"What binds us pushes time away" wrote David Oppenheim to his future wife, Amalie Pollak, on March 24, 1905. Oppenheim, classical scholar, collaborator, then critic of Sigmund Freud, and friend and supporter of Alfred Adler, lived through the heights and depths of Vienna's twentieth-century intellectual and cultural history. He perished in obscurity at a Nazi concentration camp in 1943, separated from family and friends, leaving his grandson, the philosopher Peter Singer, without a chance to know him.
Almost fifty years later Peter Singer set out to explore the life of the grandfather he never knew, and found a scholar whose ideas on ethics and human nature often parallel his own writings. Drawing on a wealth of documents and personal letters, Singer made startling discoveries about his grandparents' early romantic attachments, the basis on which they decide to marry, their professional aspirations, and their differing views of Judaism. An essay that Oppenheim co-wrote with Freud, but which was suppressed because of a bitter split within Freud's psychoanalytical society, leads Singer to explore the difficulties of following one's own ideas in the circles of both Freud and Adler.
Combining touching family biography with thoughtful reflection on both personal and public questions we face today, Pushing Time Away captures critical moments in Europe's transition from Belle Époque to the Great War and to the rise of Fascism and the coming of World War II. Singer gives us a vivid portrait of Vienna when it was the center of European culture and new ideas, a culture that was both intensely Jewish and distinctly secular. Examining this culture and its fate forces Singer to confront one of the foundations of his own thought: How much can we rely on universal values and human reason?
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Peter Singer is the author of Animal Liberation, Practical Ethics, and Rethinking Life and Death, among many others. He is currently the Ira W. DeCamp Professor of Bioethics at Princeton University's Center for Human Values.From Booklist:
Singer, a philosopher, bioethicist, professor, and author of 16 books, is best known for the "animal liberation" movement, which deals with the ethics of our treatment of animals. He also is the grandson of David Oppenheim, a Jew and a classical scholar who lived in Vienna and died in Theresienstadt concentration camp in 1942. Oppenheim's wife, Amalie, survived the Holocaust and moved to Australia in 1946. Singer found many letters and intimate personal papers in an aunt's home in Australia and in the State Archives of Austria. They included more than 100 letters that Singer's grandparents wrote to his parents and to his mother's sister after they left for Australia in 1938. Singer describes how his grandfather became a friend of Sigmund Freud and how they discussed theories of psychology. Oppenheim later parted with Freud, following instead the first of the great heretics of psychoanalysis, Alfred Adler. Singer's book is an exceptional eulogy to his grandfather. George Cohen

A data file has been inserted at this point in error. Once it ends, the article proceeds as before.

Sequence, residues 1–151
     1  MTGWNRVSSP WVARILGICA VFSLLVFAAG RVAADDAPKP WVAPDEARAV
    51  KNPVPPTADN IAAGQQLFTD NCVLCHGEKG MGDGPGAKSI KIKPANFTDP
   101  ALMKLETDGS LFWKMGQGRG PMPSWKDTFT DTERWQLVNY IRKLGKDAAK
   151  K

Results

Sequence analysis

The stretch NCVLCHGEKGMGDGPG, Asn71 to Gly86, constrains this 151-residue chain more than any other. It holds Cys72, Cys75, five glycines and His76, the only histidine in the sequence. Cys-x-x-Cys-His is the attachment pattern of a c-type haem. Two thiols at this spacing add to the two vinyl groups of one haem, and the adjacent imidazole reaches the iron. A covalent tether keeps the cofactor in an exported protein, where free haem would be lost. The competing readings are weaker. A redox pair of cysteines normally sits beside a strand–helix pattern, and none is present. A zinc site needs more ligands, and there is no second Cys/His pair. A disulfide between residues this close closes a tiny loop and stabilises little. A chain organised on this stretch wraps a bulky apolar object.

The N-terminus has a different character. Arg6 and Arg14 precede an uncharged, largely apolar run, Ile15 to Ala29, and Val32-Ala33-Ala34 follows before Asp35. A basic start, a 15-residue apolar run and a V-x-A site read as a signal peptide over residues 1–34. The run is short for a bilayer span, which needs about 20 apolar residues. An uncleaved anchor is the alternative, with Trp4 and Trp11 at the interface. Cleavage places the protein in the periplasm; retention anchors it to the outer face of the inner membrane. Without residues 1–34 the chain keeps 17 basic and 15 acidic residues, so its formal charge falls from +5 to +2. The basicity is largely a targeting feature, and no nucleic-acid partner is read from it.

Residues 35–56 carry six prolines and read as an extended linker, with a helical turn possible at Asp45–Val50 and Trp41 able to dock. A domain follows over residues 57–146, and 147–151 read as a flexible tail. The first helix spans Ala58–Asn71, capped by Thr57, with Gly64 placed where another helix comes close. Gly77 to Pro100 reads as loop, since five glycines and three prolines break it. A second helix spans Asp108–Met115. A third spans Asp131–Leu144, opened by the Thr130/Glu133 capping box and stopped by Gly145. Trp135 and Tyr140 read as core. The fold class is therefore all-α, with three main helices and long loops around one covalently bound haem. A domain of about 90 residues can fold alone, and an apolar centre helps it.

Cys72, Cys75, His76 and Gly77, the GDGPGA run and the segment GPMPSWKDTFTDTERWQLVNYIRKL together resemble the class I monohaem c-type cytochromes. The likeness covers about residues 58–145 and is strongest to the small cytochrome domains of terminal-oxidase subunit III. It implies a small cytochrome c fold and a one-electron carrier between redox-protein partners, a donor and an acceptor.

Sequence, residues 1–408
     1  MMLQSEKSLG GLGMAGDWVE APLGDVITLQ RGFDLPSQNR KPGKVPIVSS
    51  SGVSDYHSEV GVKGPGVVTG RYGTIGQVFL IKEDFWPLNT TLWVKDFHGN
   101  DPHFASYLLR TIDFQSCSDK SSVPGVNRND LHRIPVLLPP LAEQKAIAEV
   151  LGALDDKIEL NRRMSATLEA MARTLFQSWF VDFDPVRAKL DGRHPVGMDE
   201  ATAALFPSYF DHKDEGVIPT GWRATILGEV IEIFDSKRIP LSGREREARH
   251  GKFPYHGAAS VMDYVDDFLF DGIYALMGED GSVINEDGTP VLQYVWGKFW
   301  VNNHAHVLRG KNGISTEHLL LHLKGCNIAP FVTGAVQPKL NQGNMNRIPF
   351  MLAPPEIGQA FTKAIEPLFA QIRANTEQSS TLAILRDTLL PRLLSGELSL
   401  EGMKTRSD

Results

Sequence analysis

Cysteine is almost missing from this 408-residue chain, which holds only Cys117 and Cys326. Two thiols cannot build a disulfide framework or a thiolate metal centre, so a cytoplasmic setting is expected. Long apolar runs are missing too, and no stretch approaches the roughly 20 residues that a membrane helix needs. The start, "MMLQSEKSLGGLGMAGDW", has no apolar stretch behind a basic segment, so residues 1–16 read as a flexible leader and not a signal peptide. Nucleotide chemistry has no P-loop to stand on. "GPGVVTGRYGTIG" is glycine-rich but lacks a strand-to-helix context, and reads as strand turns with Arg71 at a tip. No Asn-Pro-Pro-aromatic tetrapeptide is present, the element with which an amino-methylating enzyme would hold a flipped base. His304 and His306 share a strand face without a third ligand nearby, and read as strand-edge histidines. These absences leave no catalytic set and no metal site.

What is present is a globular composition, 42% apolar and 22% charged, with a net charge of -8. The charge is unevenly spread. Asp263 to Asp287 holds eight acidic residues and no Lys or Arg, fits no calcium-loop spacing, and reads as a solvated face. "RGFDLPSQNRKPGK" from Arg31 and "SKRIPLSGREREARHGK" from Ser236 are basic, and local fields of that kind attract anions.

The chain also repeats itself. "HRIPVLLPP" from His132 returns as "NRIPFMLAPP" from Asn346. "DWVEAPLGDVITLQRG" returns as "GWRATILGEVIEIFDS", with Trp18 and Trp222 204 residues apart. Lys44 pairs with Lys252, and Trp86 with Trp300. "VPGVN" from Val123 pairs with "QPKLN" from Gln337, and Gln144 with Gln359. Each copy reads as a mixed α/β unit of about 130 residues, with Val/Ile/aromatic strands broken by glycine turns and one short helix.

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Book Description U.S / Ecco-HarperCollins, 2003. Hardcover. Book Condition: New. Combining touching family biography with thoughtful reflection on both personal and public questions we face today, the book captures critical moments in Europe's transition from Belle Epoque to the Great War, to the rise of Fascism, and the coming of World War II. A 1st edition, with its dustwrapper, in new condition. (254 pages & 11 pages of introduction). Bookseller Inventory # 2581
Book Description Book Condition: Brand New. Book Condition: Brand New. Bookseller Inventory # 97800605013101.0
Book Description Ecco, 2003. Hardcover. Book Condition: New. book. Bookseller Inventory # 0060501316
Book Description Ecco, 2003. Hardcover. Book Condition: New. Bookseller Inventory # P110060501316
Book Description Ecco. Hardcover. Book Condition: New. 0060501316 New Condition. Bookseller Inventory # NEW6.0014258